PROVO -- It's still hot, and it's still not raining. That being said, it's still not time to panic -- but a rain dance wouldn't be a bad idea.

For now, most cities' water levels are fine. Some wells are seeing a drop in their water tables, but for the most part are still good.

While Orem and Provo are much better than most, and cities in the south part of the county are watching their agricultural areas closely, north cities have had to face rationing. In an extreme case, Lehi had to purchase a one-year water right from CUWCD to help with the shortage.

In a weekend message to Lehi residents, the water department declared the city is no longer at risk of culinary water outages this weekend.

The statement reads, "Although culinary water is returning to stable levels, we ask that Lehi residents remain vigilant in refraining from using culinary water to water lawns or for other unauthorized purposes. Our pressurized irrigation system remains low, and the water restrictions for pressurized irrigation remain in place. The city continues to seek out additional water resources to improve water levels."

Daryl Devey, Central Utah Water Conservancy District's O & M manager, said last year's drought was worse than this year's, but if next year is the same as last year, Utah County cities may need to determine better ways to conserve water.

According to Devey, Deer Creek Reservoir, where many cities get a portion of their water, never came close to capacity.

"It's started at 42 percent of normal," Devey said. "Jordanelle is lower than it's ever been since it was filled." The Provo River water flow is much lower than it has been in years -- water trickles through diversion dams and barely makes it around rocks through much of the river.

Orem gets 60 percent of its water from Jordanelle and Deer Creek, but according to water section manager Lane Gray, there are no real concerns.

"Our spring levels were considerably lower and our wells are subsiding, but there is no concern," Gray said. "Citizens have listened and cut back and are not using as much water as they have."

Gray said he doesn't anticipate rationing next year, only as a last resort. Dave Decker, Provo's director of public works, said he feels the same.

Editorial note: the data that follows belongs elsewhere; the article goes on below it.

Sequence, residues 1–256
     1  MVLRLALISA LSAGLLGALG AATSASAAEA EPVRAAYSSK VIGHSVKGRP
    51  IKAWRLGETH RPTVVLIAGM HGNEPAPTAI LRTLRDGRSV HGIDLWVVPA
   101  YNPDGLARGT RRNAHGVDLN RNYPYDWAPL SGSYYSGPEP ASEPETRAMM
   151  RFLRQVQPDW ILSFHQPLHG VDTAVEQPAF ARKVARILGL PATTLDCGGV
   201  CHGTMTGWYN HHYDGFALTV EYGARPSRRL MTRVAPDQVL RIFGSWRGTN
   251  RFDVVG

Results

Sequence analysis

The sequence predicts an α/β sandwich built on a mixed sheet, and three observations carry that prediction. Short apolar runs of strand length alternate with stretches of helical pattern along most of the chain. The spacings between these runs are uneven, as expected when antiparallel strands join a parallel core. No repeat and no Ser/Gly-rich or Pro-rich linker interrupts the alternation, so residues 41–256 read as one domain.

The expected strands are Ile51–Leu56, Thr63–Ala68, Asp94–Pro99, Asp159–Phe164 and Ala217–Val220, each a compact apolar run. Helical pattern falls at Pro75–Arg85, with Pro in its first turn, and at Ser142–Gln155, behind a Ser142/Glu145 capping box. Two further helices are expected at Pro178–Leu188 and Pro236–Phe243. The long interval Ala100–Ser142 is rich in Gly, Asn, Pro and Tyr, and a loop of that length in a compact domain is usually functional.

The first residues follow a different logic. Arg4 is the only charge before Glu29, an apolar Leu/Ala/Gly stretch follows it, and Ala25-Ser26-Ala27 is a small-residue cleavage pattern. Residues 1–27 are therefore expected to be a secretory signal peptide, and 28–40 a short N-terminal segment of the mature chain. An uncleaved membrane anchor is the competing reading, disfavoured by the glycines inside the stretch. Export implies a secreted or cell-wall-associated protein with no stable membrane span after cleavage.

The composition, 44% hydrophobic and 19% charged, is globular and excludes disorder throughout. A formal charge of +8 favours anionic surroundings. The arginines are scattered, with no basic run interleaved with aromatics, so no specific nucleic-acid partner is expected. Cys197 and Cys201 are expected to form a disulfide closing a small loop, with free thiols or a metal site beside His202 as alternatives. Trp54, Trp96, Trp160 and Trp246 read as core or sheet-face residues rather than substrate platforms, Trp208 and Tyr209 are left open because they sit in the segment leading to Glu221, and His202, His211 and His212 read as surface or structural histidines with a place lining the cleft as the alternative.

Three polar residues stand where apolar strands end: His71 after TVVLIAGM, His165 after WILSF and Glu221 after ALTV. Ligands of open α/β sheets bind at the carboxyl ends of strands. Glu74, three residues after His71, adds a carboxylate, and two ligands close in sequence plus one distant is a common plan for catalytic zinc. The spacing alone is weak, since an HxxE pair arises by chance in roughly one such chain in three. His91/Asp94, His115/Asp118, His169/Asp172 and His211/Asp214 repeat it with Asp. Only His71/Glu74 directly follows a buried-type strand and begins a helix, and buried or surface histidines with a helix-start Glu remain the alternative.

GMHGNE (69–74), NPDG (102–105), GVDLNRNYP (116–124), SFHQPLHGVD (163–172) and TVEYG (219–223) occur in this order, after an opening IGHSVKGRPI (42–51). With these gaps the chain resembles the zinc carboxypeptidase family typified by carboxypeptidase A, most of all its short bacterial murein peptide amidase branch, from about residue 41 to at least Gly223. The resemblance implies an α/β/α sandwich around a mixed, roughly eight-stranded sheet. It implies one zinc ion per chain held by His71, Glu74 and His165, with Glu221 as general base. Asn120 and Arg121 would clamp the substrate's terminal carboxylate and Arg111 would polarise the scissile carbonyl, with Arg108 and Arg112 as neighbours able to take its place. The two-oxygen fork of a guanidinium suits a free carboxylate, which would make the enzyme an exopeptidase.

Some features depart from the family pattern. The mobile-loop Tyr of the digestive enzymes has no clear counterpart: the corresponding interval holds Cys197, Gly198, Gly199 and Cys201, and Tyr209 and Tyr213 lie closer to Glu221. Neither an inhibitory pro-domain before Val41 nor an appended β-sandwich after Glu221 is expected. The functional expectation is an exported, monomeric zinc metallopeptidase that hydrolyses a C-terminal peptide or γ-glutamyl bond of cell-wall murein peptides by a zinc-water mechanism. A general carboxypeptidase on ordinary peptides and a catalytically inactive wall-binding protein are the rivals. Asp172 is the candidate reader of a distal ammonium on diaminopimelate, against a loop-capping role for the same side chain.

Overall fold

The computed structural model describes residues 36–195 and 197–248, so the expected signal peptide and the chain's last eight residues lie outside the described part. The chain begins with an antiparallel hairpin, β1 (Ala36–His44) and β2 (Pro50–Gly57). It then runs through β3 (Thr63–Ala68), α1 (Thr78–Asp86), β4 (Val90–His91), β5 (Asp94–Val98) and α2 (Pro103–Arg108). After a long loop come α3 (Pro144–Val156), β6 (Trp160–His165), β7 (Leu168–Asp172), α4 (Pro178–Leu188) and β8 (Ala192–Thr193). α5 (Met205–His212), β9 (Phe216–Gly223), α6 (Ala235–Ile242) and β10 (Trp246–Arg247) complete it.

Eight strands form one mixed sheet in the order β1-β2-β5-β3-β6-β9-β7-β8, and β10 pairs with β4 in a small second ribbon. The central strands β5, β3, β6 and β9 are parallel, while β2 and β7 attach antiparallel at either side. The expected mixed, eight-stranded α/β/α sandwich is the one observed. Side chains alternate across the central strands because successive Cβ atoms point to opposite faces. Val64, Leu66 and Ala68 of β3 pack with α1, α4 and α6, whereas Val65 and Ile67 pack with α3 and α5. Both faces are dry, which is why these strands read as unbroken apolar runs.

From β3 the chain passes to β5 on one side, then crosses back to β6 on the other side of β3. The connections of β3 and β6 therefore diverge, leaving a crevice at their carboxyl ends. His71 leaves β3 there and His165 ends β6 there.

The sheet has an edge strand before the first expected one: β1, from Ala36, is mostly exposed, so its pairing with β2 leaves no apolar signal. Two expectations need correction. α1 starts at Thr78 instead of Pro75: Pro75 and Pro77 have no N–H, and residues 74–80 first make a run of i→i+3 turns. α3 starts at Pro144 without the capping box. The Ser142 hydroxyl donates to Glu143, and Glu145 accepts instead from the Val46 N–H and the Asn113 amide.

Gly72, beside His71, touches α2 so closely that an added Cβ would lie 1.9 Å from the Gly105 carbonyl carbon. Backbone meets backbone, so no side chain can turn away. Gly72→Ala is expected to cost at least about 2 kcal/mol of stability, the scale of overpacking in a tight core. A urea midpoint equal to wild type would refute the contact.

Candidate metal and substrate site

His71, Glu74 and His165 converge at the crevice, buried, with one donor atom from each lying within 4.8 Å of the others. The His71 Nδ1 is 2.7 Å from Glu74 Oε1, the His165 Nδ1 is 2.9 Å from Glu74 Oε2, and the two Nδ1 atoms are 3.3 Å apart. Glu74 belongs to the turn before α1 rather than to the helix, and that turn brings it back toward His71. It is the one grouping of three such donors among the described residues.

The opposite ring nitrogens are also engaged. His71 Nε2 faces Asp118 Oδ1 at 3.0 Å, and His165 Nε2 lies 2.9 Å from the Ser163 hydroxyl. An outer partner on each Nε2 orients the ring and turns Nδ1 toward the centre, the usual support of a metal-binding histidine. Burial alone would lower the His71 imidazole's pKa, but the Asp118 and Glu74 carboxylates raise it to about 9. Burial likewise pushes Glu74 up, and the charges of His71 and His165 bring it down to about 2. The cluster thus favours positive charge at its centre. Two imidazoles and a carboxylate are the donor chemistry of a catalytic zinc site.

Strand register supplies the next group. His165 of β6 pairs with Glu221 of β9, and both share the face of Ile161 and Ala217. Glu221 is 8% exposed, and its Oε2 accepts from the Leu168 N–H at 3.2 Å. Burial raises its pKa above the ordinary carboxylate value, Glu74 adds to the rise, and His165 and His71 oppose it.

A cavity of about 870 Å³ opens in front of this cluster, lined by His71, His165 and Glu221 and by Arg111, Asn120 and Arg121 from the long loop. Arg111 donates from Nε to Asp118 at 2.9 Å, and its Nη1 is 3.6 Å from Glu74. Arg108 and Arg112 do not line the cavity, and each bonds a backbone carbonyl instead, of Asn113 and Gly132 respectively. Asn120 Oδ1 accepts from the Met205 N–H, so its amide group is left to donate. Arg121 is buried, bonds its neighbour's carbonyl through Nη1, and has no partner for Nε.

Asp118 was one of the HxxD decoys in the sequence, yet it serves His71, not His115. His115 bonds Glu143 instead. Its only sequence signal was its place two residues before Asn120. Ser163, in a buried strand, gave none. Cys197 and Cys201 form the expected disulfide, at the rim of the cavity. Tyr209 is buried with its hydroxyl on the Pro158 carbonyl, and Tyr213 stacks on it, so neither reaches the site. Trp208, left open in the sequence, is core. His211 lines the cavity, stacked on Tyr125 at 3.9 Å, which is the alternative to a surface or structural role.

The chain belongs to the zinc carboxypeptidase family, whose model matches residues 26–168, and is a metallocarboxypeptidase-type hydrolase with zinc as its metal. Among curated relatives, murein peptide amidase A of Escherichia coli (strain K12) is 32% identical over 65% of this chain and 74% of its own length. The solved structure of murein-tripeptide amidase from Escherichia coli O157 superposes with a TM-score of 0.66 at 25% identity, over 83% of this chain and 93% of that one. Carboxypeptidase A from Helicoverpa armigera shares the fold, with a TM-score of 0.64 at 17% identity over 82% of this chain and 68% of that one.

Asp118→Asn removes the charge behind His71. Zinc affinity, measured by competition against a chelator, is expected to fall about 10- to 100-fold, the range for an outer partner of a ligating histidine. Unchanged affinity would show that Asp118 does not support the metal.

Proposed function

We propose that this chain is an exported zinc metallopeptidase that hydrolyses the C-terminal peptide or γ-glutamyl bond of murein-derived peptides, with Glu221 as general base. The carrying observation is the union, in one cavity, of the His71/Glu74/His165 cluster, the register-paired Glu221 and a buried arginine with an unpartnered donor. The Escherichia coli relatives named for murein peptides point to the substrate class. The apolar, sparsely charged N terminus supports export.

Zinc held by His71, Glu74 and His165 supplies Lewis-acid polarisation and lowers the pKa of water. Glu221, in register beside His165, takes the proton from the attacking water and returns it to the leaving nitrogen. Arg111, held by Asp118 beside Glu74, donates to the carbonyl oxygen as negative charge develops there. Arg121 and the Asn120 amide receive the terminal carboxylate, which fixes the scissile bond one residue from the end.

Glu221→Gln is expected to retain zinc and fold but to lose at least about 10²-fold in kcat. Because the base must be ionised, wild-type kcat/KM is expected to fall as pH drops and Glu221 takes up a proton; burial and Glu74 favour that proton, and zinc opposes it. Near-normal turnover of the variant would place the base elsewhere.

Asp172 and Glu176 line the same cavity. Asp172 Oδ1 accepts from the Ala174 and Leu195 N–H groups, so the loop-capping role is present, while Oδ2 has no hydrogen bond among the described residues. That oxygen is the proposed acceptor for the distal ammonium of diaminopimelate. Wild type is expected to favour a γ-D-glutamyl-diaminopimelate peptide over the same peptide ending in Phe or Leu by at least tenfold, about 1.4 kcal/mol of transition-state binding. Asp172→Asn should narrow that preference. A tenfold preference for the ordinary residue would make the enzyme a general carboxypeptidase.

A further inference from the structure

"Rationing is the last resort," Decker said. "Our last full update came three weeks ago. Water from the springs in Provo Canyon are down 40 percent. There is no question the drought is affecting our sources. We have water rights we're not drawing on and we are not feeling a significant crunch."

Like every other city, Provo officials are asking residents to be conservative in their water usage. He said Provo's water sources are sitting pretty good, but the city will be watching the winter storms carefully. They are hoping the mountains will see more and wetter snowfall this year than the past two years.

Chris Thompson, director of public works for Spanish Fork, said the city wells and springs are doing fine, but conservation remains key.

"We are recognizing it as a drought," Thompson said. "However, we have set up a water conservation program to help residents slow the flow."

Spanish Fork residents can sign up for a new sprinkler controller that has a weather station that is installed on the roof to follow rain storms and amounts of precipitation. The city helps financially with that installation. Residents can go to the city's website and link to the program from the home page.

Devey noted that while the valley received record-breaking snows last year, the mountains received little snow and it had lower water content than normal.

Brad Stapley, director of public works for Springville, noted that Hobble Creek is down and that the Springville Irrigation Company is starting to cut back on water flows.

"The city has really planned well and has adequate water rights," Stapley said. "We're doing fine as far as water goes. I think everybody's concerned about next year."

Stapley did note that Springville is in the middle of a $3 million project to bring a secondary water system to the city. They should be hooking up to 1,000 homes in the west fields by I-15 soon.

Right now all cities are asking the residents conserve their water and be energy wise.

-- Genelle Pugmire covers Provo City, Provo School District, Orem City, UDOT’s I-15 CORE Project. She also tackles variety of other topics including business features.
Read more from Genelle Pugmire here.